Software Development Kit (SDK) is a collection of software tools and supporting libraries that allow the creation of an application using a certain programming language. SDK for Java is called JDK.

So, when people use SDK in reference to JDK, they are correct, but not precise.

The Java platform is composed of a compiler, JVM, supporting libraries, and other tools from JDK.

The supporting libraries in the preceding definitions are Java standard libraries, also called JCL, and are necessary for executing bytecode. If a program requires some other libraries (not included in JCL), they have to be added at compilation time (see Chapter 3, Your Development Environment Setup, which describes how to do it) and included in the generated bytecode. Java platform can be one of the four: Java Platform Standard Edition (Java SE), Java Platform Enterprise Edition (Java EE), Java Platform Micro Edition (Java ME), or Java Card. There used to be the JavaFX Platform, too, but it has been merged into Java SE since Java 8. We will talk about the differences in the next section.

Open JDK is a free and open source implementation of Java SE.

These are the most basic terms. Other terms will be introduced as needed throughout the book, in the corresponding contexts.

History and popularity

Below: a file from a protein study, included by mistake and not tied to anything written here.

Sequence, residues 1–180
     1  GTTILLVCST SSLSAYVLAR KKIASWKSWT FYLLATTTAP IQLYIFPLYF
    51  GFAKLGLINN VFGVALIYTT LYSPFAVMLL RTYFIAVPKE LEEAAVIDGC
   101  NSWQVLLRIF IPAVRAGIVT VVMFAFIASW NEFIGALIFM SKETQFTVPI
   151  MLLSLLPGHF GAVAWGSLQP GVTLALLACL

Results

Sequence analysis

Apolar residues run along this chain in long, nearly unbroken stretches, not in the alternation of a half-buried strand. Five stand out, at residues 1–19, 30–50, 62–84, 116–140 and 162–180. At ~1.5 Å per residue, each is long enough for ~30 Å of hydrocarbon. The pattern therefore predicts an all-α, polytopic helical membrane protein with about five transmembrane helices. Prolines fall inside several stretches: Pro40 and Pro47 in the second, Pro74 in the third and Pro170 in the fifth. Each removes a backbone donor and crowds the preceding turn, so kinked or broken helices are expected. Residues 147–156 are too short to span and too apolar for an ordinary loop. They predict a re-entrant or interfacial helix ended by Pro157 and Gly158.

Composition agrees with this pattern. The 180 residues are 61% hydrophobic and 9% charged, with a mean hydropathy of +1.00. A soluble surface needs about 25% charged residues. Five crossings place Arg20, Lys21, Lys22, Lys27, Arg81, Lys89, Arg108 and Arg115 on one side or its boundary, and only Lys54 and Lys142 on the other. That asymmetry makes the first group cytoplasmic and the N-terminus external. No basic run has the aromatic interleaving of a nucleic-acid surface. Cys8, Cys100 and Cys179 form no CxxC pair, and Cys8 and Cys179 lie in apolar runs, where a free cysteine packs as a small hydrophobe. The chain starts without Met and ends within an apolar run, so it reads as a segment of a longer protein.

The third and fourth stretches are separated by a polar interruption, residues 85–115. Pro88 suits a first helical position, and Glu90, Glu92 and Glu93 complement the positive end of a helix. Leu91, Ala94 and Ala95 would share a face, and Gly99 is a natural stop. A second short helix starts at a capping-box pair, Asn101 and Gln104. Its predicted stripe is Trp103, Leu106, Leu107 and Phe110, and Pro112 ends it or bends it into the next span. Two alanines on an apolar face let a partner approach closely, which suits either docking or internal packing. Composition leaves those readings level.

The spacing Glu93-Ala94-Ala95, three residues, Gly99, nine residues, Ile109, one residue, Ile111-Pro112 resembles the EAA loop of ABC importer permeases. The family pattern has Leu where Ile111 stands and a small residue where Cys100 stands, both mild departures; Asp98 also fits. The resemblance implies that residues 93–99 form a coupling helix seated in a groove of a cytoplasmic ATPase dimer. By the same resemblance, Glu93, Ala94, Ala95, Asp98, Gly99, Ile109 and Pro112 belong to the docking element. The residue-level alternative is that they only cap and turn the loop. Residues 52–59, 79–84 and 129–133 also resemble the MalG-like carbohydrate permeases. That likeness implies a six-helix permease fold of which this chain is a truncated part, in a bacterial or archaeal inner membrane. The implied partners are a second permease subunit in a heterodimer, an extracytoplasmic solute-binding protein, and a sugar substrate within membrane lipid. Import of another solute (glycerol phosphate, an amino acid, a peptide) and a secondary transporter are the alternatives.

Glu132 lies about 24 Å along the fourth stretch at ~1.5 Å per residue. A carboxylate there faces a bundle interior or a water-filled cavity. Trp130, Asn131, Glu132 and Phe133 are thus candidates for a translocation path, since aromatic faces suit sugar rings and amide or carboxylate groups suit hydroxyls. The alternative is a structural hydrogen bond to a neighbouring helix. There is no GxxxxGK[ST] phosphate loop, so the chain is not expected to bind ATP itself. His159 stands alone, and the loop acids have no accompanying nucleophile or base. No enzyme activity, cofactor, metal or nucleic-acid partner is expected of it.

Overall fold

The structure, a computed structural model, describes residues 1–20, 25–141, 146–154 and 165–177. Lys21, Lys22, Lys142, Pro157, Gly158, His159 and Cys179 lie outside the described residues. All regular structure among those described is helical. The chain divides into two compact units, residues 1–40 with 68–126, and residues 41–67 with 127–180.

Java was first released in 1995 by Sun Microsystems. It was derived from C and C++, but did not allow users to manipulate computer memory on a very low level, which is the source of many difficulties, including memory leak related issues, that C and C++ programmers experience if they are not very careful about it. Java stood out due to its simplicity, portability, interoperability, and safety net, which allowed it to become one of the most popular programming languages. It is estimated that as of 2017, there are close to 20 million programmers in the world (close to 4 million of them are in the US), and approximately half of them use Java. And there are good reasons to believe that the need for software developers, including Java developers, will only grow in the future. So, studying Java looks like a step towards a stable career. And learning Java is not actually very difficult. We will show you how to do it; just continue reading, thinking, and trying all the suggestions in practice on your computer.